German energy policy used to be mostly about the secure and economical supply of power, gas and heat. Sustainability, efficiency, consumer-friendliness and climate protection now make the field more complex and mean new stakeholders now influence the legal process.
The German Bundesrat, which is the council of the 16 federal state governments, has to be consulted for legislation to be enacted. In most cases regarding energy policy, a majority in the Bundestag can overrule a Bundesrat veto.
Three institutions have the power to initiate a federal law: The Bundestag, the Bundesrat and the federal government (Bundesregierung). The impulse for most new or reformed legislation comes from coalition agreements or government programmes at the beginning of a legislature, or through changes in EU regulations.
On average, more than 70 percent of all ratified laws derive from federal government proposals. This factsheet mainly concentrates on these. Most of the laws are drafted by policy officers in one of the ministries. The respective federal minister is responsible for the project. For energy, this is the Federal Ministry for Economic Affairs and Energy (BMWi); on climate, the BMWi shares responsibility with the Federal Ministry for the Environment (BMUB).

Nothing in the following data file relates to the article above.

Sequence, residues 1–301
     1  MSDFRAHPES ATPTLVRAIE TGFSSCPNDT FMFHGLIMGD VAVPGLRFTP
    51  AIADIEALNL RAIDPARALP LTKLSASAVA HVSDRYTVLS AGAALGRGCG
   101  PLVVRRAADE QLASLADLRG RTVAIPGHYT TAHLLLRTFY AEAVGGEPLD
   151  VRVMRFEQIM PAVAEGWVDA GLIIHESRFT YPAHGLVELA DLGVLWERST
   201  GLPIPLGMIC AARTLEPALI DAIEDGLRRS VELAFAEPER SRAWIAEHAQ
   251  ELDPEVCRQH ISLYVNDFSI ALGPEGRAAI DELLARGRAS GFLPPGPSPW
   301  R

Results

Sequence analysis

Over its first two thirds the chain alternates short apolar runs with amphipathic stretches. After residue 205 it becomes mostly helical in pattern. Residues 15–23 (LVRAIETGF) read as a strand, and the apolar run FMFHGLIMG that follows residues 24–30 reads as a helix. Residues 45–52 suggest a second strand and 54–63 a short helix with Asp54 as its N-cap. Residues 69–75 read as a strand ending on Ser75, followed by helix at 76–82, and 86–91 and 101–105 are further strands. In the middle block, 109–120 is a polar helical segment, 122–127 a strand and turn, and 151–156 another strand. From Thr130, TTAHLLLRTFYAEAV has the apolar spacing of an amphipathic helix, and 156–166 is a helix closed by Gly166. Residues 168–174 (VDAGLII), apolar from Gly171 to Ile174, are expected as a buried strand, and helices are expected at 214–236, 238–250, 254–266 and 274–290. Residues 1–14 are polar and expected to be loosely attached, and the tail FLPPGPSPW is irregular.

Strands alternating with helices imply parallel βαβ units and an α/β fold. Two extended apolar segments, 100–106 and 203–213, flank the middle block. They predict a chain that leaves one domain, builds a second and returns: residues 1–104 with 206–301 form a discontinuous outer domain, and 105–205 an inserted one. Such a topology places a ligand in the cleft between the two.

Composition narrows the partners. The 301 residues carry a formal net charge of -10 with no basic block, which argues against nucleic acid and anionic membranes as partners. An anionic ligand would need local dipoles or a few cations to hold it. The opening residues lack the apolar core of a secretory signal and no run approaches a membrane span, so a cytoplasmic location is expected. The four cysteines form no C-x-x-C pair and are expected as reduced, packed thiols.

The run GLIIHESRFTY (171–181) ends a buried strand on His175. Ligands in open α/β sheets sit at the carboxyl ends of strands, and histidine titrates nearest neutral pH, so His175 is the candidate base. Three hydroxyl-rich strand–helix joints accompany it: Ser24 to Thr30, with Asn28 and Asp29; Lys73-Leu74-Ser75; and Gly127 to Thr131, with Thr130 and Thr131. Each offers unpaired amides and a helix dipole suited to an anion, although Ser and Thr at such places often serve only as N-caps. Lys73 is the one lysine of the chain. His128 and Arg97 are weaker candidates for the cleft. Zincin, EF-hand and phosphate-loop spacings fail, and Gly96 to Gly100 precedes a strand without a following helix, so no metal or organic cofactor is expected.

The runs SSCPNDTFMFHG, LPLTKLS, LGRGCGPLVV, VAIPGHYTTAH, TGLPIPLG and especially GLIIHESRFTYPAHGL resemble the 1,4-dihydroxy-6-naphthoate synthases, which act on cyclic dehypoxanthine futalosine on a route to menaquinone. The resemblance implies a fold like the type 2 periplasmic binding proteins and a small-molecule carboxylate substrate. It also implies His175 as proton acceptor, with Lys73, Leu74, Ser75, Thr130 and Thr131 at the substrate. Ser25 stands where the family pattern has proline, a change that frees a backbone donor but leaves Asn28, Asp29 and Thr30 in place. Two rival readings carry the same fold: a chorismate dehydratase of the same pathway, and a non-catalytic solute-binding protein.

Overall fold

Legislative texts are drafted in consultation with stakeholders such as federal and local administration, science, special government or parliamentary commissions, political parties, industry and civil society. The ministries may employ external experts to help draft the legislation. Interim drafts are rarely published.
To avoid disputes later in the process, contentious points are often debated at federal government coalition meetings and the resulting decisions incorporated into the ministry draft.
Where the scope of the new legislation is not yet clear, or input is wanted from stakeholders such as industry, civil society, science and other experts, green and white papers can be a preliminary stage of legislation.